Conservative and centrist Democrats found that voters won’t waste their time with cheap knockoffs. The only chance we have to bury the Trump nightmare is a radical political agenda that provides an actual and real alternative to the status quo.
The progressive current within the Democratic Party did not just run against Trump—they ran on Medicare for All, abolition of ICE and other political issues seen as progressive and not just maintenance of the status quo.
Where these politics failed to win, most spectacularly in Florida with Andrew Gillum and possibly with Stacey Abrams in Georgia, the naked racism, voter intimidation, voter suppression and outright theft should not be underestimated. The GOP’s long game of gerrymandering districts and using the courts to undermine easy access to voting will continue to come into play as their message shrinks to its bigoted and maniacal base.
The other truth coming out of the elections is that the need for struggle and organizing remain as important as they have ever been. In the effort to generate the mobilization of voters, that unfortunate narrative reducing nearly all of Black struggle and politics to voting was revived. Of course, securing the right to vote had been a central part of Black political movements since emancipation, but even activists and organizers within the Civil Rights Movement, understood their struggle to be about so much more.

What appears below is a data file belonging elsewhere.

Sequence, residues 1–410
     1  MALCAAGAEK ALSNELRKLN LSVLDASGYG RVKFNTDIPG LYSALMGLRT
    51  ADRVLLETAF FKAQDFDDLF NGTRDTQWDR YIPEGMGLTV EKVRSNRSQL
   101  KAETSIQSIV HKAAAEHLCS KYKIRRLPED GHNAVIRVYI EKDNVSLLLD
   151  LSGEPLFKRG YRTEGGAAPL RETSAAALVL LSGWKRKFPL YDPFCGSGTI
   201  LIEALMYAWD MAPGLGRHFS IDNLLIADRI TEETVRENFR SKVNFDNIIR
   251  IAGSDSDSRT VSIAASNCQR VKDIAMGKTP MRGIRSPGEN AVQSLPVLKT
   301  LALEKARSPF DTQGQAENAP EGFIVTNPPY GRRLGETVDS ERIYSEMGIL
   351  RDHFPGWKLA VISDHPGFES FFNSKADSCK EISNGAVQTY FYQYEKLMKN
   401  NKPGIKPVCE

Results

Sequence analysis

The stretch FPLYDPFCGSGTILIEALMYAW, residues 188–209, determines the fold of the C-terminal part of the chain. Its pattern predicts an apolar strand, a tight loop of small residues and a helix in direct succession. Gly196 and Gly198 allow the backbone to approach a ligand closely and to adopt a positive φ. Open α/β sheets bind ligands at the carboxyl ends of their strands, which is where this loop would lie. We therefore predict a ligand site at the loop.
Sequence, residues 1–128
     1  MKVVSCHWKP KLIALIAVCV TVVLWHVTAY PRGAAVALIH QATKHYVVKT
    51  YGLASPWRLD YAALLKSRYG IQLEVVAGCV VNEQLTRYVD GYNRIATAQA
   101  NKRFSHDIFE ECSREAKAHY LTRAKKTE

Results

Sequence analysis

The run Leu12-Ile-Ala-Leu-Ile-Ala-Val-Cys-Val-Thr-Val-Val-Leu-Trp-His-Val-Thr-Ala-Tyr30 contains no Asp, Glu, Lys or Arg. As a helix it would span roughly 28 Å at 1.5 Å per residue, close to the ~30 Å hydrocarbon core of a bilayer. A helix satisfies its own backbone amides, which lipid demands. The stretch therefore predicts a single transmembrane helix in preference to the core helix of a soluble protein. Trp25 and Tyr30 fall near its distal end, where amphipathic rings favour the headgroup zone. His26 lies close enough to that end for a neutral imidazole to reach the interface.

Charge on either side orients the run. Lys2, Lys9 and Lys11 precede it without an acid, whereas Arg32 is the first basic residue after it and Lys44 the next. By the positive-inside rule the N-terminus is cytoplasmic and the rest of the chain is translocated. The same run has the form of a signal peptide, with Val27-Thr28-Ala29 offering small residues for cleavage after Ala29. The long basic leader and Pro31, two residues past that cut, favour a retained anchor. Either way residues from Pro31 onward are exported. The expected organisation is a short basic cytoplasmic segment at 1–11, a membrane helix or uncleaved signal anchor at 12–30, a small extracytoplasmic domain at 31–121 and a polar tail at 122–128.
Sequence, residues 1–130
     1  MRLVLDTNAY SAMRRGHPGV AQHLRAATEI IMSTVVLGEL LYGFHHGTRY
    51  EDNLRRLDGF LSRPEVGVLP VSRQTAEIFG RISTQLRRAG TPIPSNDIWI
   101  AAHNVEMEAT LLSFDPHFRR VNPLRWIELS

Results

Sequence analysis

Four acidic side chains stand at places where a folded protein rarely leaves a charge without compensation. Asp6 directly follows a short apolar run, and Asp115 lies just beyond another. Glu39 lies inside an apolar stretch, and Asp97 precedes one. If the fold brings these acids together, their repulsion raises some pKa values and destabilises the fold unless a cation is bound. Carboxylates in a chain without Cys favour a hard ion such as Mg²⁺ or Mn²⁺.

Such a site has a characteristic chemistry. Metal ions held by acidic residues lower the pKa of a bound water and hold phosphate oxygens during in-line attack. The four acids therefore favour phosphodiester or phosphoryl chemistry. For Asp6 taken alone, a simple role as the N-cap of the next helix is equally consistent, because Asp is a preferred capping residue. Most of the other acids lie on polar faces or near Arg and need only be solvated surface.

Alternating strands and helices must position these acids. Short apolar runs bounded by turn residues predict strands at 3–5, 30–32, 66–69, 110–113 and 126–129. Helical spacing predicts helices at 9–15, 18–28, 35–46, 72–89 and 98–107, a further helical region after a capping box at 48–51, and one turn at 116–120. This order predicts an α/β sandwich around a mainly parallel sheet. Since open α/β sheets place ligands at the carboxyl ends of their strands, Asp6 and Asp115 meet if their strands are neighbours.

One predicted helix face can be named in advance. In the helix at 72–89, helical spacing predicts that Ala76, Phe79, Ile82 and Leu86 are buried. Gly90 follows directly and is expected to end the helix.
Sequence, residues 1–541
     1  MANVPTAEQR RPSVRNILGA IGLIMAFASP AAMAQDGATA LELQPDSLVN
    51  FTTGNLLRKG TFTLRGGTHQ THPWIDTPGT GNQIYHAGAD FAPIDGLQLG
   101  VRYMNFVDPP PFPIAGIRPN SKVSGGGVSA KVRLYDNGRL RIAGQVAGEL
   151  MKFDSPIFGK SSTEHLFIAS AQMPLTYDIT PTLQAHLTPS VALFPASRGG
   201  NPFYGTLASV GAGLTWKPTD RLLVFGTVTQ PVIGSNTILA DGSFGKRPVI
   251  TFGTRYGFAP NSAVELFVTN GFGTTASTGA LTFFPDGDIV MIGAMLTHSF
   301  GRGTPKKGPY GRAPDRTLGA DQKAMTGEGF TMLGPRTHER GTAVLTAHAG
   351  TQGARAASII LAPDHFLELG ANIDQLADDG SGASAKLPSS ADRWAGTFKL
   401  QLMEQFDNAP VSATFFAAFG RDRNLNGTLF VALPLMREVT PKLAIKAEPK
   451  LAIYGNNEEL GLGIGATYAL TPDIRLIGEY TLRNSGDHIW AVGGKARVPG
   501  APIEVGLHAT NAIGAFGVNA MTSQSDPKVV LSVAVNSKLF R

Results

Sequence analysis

To put it sharply, voting is not enough when the first words from Nancy Pelosi’s upon winning the House of Representatives are her intentions to “reach across the aisle” in hope of attaining “bipartisanship.” It confirms how out of touch the existing Democratic Party leadership is, how little they have learned from 2016 and that struggle remains absolutely critical to making them take the agenda of poor and working-class people in this country seriously. They will not do it on their own.
The growth of the hard right is real. The threat of fascism is real. Climate collapse is real. These all require a qualitative transformation in our political expectations and demands. We have to think big; we have to organize bigger. It requires more than getting out the vote. Now the hard work continues.